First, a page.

Save Our Homes and Portability

In 1995 the Save Our Homes (“SOH”) Amendment was adopted by Florida voters to create a limitation on the amount a home can be assessed. For example, after the first year a home receives a homestead exemption and the property appraiser assesses it at just value, the amount the assessment can increase for each following year cannot be more than 3% or the percent change in the Consumer Price Index (CPI), whichever is less. Below is a chart that reflects the last 7 years of CPI

Changes and Caps in Sarasota County:

Save Our Homes Annual Increase*
Year CPI Change Cap
2014 1.5% 1.5%
2013 1.7% 1.7%
2012 3.0% 3.0%
2011 1.5% 1.5%
2010 2.7% 2.7%
2009 0.1% 0.1%
2008 4.1% 3.0%

In 2008, Florida voters adopted a constitutional amendment (i.e., Amendment 1 aka “Portability Amendment”) which granted added tax relief to homesteaded property owners. The amendment gives homesteaded owners the ability to transfer some or all of their SOH benefits to a new homesteaded property. The accumulated difference between your assessed value and the just market value is your “SOH benefit”.  Although the initial intent of the SOH Amendment was to allow homeowners the ability to stay in their homes when values were rising it also had a side effect – it discouraged homeowners from moving to a new residence for fear of giving up all their accumulated property tax savings.

Example: You sell your current Florida Homestead Property that has a Just (Market) Value of $400,000 and an Assessed Value of $300,000 ($400,000  – $300,000 = $100,000 in SOH benefit).  You buy a new home for $400,000. The $100,000 SOH benefit is applied to the new homes Just (Market) Value to create a lower Assessed Value.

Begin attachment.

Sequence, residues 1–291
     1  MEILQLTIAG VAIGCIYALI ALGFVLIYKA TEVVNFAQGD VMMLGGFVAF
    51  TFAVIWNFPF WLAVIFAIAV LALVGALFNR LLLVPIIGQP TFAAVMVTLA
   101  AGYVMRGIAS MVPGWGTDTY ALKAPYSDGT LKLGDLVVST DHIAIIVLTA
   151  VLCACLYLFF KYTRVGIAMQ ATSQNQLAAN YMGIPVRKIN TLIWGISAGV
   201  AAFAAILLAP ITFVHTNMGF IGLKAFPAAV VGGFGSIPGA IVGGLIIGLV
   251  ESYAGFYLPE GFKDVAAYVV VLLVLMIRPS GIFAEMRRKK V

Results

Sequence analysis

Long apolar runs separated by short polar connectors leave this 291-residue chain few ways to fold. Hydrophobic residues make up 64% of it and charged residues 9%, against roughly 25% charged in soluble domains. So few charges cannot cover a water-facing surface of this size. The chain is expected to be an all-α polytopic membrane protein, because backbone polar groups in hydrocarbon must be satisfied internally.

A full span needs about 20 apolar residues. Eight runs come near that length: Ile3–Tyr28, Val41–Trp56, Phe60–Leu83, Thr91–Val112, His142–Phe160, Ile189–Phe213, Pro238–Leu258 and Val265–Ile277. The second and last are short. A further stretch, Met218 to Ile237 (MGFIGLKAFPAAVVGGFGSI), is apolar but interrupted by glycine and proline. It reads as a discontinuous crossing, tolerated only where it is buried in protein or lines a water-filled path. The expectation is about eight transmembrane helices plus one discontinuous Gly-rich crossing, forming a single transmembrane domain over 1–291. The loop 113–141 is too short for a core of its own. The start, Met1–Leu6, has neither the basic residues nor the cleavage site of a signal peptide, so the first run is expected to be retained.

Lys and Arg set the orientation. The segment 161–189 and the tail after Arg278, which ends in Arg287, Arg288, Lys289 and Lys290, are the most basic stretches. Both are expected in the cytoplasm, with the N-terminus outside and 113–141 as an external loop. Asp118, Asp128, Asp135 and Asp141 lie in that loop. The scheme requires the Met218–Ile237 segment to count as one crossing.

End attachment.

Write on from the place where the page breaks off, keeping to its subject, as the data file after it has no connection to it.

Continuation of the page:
The rules regarding portability are set forth in Section 193.155(8), Florida Statutes. Essentially, a homeowner may “port” their SOH benefit to their new home as long as they establish their new homestead within two (2) years of abandoning their previous homestead. Note there are different limitations and restrictions on your ability to port.  As always, if you have any questions concerning the foregoing, we urge you to consult with your real estate attorney. 


Berlin-Patten, PLLC

This communication is not intended to establish an attorney client relationship, and to the extent anything contained herein could be construed as legal advice or guidance, you are strongly encouraged to consult with your own attorney before relying upon any information contained herein.

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